Security and Privacy

Dutch Police Fight Crime by Cracking PGP Phones

A representation of nlocking security on a smartphone.
Dutch police unit Team High Tech Crime decrypted text messages sent via Blackberry mobile devices that featured supposedly unbreakable PGP encryption. As a result, the police were able to read texts ordering a murder.

It was a stunning success for the Dutch National High Tech Crime Unit (NHTCU), a dedicated team within the Dutch National Police Agency that investigates advanced forms of cybercrime.

Last year, the Dutch police unit, also known as Team High Tech Crime (THTC), announced that as part of a criminal investigation, it had decrypted text messages sent via Blackberry mobile devices provided by the company Ennetcom, whose servers had been seized and copied by the police in 2016. The Blackberry phones, which featured supposedly unbreakable PGP encryption, were alleged to be a favorite means of communication for organized crime in the Netherlands.

In May 2018, a person nicknamed 'Noffel' was sentenced to 18 years in prison by a Dutch court, largely based on evidence from the decrypted messages that indicated he had ordered the murder of another person.

The THTC will not comment on how it decrypted the messages. According to Marc Stevens, a cryptographer at the Centrum Wiskunde & Informatica (CWI), the Netherlands' national research institute for mathematics and computer science, the most likely explanation for the decryption is that the individual secret keys for the users were generated and stored on the central server in Canada. A court file from September 2016, when a Canadian judge allowed the transfer the data from the Ennetcom servers to the Dutch police, indicates as much, without going into detail.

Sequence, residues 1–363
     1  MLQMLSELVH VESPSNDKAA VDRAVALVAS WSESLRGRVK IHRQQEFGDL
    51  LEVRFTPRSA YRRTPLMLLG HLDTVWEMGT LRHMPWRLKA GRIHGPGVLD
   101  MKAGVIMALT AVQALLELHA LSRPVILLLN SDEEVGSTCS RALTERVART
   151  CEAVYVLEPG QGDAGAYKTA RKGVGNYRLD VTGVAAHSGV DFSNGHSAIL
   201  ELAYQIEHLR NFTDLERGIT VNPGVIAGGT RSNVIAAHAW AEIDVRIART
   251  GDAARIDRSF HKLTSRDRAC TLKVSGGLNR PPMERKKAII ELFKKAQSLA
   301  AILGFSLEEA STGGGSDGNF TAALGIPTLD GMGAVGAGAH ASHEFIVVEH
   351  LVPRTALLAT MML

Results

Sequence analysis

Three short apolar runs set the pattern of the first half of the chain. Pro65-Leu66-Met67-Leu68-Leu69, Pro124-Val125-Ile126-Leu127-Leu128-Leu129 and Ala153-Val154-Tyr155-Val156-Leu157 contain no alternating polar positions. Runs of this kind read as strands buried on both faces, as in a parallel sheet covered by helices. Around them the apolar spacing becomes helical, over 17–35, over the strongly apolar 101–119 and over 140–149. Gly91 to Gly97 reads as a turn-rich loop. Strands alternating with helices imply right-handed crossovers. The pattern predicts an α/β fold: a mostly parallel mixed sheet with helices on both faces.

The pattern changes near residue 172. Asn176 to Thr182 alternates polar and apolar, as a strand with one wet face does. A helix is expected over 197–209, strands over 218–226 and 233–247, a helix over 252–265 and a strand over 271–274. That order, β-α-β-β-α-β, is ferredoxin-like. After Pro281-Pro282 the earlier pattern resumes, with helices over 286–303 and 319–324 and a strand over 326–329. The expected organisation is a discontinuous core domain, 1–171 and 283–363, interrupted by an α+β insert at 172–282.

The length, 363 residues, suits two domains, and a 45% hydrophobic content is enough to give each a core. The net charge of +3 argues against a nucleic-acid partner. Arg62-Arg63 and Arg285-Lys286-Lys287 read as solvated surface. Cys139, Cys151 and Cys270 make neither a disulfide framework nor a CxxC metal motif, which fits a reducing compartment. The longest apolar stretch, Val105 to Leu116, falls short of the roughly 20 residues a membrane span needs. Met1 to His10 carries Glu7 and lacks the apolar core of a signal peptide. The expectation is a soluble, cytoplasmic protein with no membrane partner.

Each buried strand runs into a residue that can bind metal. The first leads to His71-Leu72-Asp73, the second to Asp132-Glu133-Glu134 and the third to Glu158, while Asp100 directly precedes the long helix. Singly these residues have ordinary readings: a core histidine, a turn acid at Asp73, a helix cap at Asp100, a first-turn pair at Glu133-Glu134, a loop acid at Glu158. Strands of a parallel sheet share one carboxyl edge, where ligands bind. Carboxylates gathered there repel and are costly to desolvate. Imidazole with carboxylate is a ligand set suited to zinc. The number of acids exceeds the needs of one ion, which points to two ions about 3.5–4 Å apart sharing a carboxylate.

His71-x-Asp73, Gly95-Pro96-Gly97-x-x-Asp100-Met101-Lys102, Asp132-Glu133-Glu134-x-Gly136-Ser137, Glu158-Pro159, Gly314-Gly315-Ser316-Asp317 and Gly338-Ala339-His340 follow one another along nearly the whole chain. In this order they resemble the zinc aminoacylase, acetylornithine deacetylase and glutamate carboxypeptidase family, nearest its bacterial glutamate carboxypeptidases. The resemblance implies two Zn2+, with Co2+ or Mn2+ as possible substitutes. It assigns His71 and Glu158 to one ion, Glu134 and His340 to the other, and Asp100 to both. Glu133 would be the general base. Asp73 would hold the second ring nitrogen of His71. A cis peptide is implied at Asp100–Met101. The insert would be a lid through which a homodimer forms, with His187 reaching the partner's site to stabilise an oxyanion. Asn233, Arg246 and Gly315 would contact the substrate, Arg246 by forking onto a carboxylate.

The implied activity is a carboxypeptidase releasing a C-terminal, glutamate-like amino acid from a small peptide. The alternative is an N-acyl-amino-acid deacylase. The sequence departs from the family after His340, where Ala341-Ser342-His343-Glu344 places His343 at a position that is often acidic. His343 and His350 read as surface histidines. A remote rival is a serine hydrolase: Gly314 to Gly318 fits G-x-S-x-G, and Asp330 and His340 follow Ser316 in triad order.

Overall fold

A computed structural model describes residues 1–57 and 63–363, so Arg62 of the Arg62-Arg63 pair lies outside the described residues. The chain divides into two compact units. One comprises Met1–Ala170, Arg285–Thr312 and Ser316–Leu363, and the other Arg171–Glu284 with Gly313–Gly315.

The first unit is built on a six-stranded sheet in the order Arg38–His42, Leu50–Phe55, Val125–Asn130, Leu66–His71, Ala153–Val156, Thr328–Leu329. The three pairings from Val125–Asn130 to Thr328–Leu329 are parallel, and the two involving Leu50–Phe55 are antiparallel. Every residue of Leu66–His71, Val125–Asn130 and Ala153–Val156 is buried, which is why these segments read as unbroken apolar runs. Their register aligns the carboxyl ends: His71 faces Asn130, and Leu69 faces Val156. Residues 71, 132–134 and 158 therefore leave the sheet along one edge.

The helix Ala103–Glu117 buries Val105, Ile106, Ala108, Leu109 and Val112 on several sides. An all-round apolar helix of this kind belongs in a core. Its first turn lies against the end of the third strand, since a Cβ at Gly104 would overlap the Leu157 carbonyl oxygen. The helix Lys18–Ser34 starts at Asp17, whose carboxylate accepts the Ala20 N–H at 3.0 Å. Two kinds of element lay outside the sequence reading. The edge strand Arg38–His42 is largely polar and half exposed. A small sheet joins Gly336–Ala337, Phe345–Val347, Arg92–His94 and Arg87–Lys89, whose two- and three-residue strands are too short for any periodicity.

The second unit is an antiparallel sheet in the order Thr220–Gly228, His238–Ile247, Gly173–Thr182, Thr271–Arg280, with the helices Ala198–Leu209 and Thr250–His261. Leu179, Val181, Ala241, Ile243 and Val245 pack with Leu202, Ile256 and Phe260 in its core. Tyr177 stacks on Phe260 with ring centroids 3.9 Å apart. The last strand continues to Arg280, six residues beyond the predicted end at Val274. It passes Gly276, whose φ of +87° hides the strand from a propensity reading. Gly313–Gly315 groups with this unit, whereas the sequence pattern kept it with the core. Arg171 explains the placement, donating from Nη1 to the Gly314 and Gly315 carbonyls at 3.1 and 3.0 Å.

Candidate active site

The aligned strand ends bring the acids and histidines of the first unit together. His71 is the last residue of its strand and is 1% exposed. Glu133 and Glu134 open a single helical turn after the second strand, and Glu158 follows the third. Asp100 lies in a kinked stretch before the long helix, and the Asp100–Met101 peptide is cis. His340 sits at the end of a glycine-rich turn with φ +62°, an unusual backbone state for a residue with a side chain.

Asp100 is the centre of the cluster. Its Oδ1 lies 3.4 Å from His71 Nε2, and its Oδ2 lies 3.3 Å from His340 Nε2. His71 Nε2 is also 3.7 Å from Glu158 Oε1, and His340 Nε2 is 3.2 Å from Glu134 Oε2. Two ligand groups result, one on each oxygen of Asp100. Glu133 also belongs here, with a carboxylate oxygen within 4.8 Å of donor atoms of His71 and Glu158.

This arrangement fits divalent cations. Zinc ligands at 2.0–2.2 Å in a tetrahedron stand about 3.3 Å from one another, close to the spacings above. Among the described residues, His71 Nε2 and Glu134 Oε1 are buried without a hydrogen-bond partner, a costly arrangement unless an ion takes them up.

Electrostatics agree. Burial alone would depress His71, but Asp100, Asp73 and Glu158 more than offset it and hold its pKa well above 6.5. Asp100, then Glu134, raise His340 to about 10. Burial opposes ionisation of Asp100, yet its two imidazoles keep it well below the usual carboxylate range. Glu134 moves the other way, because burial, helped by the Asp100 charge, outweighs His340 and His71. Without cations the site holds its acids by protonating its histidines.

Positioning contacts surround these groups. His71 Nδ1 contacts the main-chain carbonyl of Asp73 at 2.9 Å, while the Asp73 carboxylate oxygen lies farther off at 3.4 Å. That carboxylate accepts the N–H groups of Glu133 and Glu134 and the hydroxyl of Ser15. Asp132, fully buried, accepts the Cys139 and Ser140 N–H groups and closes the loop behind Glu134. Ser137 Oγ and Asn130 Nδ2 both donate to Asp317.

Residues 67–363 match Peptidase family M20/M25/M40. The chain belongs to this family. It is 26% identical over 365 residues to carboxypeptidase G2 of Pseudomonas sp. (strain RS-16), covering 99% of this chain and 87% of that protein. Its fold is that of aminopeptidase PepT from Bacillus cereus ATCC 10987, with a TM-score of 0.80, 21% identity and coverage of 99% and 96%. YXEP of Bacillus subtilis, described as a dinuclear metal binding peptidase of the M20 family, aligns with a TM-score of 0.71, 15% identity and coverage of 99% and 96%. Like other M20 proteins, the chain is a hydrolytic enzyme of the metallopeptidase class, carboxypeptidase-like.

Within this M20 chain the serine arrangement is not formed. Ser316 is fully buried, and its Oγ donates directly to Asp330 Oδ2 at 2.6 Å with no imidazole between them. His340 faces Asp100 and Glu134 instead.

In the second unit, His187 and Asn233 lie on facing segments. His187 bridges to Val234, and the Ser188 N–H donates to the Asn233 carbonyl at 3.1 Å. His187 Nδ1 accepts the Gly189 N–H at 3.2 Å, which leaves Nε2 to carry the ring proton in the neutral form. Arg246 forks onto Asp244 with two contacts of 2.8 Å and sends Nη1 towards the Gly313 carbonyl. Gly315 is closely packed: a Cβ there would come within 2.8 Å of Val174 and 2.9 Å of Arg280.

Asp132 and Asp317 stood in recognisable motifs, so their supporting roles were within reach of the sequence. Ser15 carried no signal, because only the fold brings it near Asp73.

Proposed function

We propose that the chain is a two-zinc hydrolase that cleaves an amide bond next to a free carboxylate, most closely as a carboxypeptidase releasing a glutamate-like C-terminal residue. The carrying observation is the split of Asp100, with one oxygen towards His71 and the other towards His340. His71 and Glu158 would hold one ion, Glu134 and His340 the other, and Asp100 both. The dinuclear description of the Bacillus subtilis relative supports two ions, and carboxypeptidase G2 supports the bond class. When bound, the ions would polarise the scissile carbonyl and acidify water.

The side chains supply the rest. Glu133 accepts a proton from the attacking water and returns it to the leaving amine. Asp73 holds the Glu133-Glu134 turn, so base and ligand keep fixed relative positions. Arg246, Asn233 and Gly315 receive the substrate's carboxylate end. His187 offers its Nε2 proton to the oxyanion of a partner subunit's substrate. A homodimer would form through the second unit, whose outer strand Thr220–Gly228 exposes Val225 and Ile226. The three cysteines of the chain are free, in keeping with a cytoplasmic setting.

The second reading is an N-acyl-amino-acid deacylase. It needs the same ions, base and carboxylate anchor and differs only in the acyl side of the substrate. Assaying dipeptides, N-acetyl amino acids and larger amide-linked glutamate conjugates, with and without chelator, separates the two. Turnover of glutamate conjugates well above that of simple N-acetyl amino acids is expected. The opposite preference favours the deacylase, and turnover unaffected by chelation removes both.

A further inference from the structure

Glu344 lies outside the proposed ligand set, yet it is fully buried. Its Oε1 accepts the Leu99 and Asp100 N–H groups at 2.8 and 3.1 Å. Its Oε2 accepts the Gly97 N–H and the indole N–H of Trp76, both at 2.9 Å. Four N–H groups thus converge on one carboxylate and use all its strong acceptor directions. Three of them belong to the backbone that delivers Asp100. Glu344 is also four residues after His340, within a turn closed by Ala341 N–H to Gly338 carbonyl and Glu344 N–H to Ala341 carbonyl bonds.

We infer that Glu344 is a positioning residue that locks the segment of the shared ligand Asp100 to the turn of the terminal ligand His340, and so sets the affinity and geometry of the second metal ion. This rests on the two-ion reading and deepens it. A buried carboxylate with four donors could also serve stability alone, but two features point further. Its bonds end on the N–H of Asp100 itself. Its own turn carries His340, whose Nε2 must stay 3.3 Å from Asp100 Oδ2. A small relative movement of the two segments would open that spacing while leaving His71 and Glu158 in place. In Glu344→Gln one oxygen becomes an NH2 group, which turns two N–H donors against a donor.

Said Stevens, "PGP encryption, by itself, is still unbroken, but it doesn't offer any security if your private keys are not secure as well." Users, he added, should always generate their own private keys.        

A peculiarity of this kind of digital evidence gathering is that no human ever looks at all the data. The Ennetcom server data contained millions of text messages generated by thousands of users. The evidence in this case resulted from several rounds of automated search of the servers, with some human tinkering in between. This raises the question: how can the judge be sure that the evidence presented was a fair representation of the total amount of data?  Maybe the search of the data overlooked important accomplices; maybe the search was biased in favor of incriminating evidence. A simple message like "Only kidding" can completely change the meaning of a previous message, and could be overlooked. Even if a suspect remembers this, it might go against his or her broader interest to acknowledge he sent any of these messages.

Gigabytes of data from the Ennetcom servers were processed and analyzed using Hansken, a forensic search engine developed at the Netherlands Forensic Institute (NFI). In general, such processing involves recovering deleted files from hard disks, unpacking archives, creating an index system, and so on.

The THCT then used Hansken to identify "criminal conversations" from the data. First, only messages in Dutch were selected. Even this is not trivial, because these text messages are full of slang and typos.

The thinking was that conversations classified as "criminal" would contain one or more keywords or nicknames that the THTC had compiled into a long list. The prosecutor claimed users of the purportedly secure Ennetcom phones obviously would not use criminal words like 'drugs' or 'kill' in their texts, but would replace them with code words like 'fruit' and 'put to sleep'.

After the first round of automated search, the list of keywords was expanded, to more than 100, and two more rounds of search were carried out.